Afternote. I have edited this posting to remove a reference to section 230 of the US Communications Decency Act because it doesn't apply to copyright infringement.

Re: Portrait photos

Posted: Mon Sep 14, 2020 10:19 am
by Squibbs
Hello Andy.
Thank you for a very informative reply to my question. I have spent the weekend checking the artist portraits I wish to use, and possible copyright connections.
Several that I found earlier, two which had 'wiki commons' and saying it was available to be used, I now can't find at all through 'Google'. I did, however check them on 'Tineye' as you suggested, they were there on many sites, but no copyright notice, and no way of finding one.
Also two, which again was previously labeled CC BY 2.0, now have 'Getty Image'. Maybe adopted, maybe not.

I doubt that I will ever put any of my portraits on the internet. I am only producing them for charities, and they will only be availabe in my local area. I will however only use the 'wikimedia commons' images, and although this will reduce the number of pop artists in my collection, I will at least satisfy myself that I am doing my best to stay within the law.

If there is anything else you think of that may help me, I would be grateful.
Thank you again for your help and advice. You have helped me to understand more about copyright in your one reply than I could find previously by searching through 'Google'.
Kind regards

Re: Portrait photos

Posted: Mon Sep 14, 2020 3:05 pm
by AndyJ
Hi Squibbs,

I'm glad you found the earlier reply helpful. The only other thing I can think of at present is that where the pictures of these rock and roll stars are concerned, given their commercial value, I would tend treat almost all of them as the work of professional or semi-professional photographers who are much less likely to release their work under CC licences than, say, an ardent fan. So if the source work looks to be of professional quality, assume that work is not free to use until the authenticity of the CC licence can be established with reasonable certainty.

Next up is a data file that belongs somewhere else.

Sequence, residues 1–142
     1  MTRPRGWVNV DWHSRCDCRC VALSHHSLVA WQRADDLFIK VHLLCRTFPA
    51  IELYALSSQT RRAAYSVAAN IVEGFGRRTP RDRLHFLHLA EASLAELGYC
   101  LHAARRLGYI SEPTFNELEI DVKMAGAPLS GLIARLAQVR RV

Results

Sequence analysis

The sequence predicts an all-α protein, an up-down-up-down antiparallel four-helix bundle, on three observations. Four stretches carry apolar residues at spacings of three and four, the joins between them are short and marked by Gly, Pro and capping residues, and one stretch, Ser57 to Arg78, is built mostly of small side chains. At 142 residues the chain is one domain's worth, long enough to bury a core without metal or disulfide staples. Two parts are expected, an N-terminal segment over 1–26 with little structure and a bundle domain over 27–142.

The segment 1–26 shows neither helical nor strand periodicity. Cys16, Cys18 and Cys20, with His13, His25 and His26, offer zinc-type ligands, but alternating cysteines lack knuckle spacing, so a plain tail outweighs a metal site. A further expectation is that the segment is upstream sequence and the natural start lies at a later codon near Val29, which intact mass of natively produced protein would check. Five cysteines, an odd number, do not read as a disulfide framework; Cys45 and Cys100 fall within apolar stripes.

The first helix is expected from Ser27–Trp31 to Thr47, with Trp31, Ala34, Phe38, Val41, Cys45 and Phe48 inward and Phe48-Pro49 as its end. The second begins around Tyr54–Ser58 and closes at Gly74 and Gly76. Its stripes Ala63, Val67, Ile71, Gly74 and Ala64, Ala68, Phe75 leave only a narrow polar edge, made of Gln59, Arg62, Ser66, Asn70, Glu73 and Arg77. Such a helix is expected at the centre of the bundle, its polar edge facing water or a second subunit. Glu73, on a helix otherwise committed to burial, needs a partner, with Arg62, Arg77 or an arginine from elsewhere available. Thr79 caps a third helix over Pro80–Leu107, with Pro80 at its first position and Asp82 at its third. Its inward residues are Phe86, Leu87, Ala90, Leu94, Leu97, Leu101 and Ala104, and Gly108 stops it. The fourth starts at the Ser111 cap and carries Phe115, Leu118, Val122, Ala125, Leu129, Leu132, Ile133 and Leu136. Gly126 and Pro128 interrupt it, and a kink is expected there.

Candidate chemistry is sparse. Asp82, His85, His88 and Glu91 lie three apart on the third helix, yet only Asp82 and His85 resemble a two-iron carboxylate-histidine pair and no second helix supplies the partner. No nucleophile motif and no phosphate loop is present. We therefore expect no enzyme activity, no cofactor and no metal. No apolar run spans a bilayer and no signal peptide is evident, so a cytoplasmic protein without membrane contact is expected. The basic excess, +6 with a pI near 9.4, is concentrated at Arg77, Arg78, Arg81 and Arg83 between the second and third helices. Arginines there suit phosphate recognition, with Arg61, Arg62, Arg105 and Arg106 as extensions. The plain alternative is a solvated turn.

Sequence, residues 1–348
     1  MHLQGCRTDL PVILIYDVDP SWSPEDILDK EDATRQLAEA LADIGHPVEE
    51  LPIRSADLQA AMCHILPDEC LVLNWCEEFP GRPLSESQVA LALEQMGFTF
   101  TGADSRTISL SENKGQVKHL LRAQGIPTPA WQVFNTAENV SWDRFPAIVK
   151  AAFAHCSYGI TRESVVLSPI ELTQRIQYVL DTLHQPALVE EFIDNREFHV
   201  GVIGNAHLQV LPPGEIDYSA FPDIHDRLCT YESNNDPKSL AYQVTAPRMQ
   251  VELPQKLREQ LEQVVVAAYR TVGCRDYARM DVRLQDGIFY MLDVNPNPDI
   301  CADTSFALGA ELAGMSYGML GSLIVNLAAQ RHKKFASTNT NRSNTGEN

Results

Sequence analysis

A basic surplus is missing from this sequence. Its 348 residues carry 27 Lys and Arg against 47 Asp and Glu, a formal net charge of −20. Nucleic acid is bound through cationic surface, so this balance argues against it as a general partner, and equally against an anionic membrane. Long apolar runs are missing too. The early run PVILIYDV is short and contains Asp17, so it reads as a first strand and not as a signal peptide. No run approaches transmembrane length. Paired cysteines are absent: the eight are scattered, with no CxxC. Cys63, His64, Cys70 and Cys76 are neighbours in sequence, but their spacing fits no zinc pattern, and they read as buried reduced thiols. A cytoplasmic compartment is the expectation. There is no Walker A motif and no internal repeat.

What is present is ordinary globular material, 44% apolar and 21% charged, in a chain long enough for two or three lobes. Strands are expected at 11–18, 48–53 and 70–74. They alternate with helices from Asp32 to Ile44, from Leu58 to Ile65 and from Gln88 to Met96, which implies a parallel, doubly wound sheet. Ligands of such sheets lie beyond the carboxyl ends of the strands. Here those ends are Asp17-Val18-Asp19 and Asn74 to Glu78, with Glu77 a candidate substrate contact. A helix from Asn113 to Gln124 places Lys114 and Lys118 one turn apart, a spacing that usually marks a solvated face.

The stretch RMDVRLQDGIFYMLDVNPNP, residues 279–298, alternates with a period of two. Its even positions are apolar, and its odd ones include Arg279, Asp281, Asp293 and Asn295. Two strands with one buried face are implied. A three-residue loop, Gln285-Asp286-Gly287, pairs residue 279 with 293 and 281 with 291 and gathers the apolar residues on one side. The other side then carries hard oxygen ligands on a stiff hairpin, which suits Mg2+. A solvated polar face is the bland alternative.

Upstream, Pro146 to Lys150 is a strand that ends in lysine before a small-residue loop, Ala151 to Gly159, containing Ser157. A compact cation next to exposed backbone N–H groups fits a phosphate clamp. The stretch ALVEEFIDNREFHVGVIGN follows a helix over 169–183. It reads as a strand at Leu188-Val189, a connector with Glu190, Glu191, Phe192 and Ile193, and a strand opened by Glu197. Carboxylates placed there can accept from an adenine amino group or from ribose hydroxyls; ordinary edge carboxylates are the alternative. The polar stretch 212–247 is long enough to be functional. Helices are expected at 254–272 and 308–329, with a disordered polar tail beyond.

It is worth adding a little bit about how Wikimedia concludes that a photograph is in the public domain. This only applies to photographs first registered or published in the USA. For the genre you are interested in that will probably cover quite a high percentage. There are broadly three cases where a photograph in this category, published prior to 1 March 1989 is now in the public domain in the USA:
  • Up to 1977: Published without a copyright notice - In the public domain due to failure to comply with required formalities
  • 1978 to 1 March 1989: Published without notice, and without subsequent registration within 5 years - In the public domain due to failure to comply with required formalities
    (1978 to 1 March 1989: Published without notice, but with subsequent registration within 5 years - Still in copyright today)
  • 1925 through 1963: Published with notice but copyright was not renewed - In the public domain due to copyright expiration
All other photographs, including those first published outside the USA are subject to the more usual copyright term of the lifetime of the photographer, plus 70 years after their death. Since we are talking about stars who were at the height of their fame from the 1950s, photographs of them are not yet in the public domain in the UK except by virtue of the exceptions mentioned above.

Re: Portrait photos

Posted: Tue Sep 15, 2020 9:22 am
by Squibbs
Thanks again Andy.
It certainly does look like I have entered a minefield. Treading carefully is an understatement.
I will place a notice on all the prints to say where they came from, the name of the photographer, if there is one, and the licence that came with it.
I can't do more than that.
I'll probably only do this up until Christmas now, in the hope of making some money for my charities, then pack it up, and think of something else.
Thanks for all your help. I has been very enlightening.
All the best to you, and yours.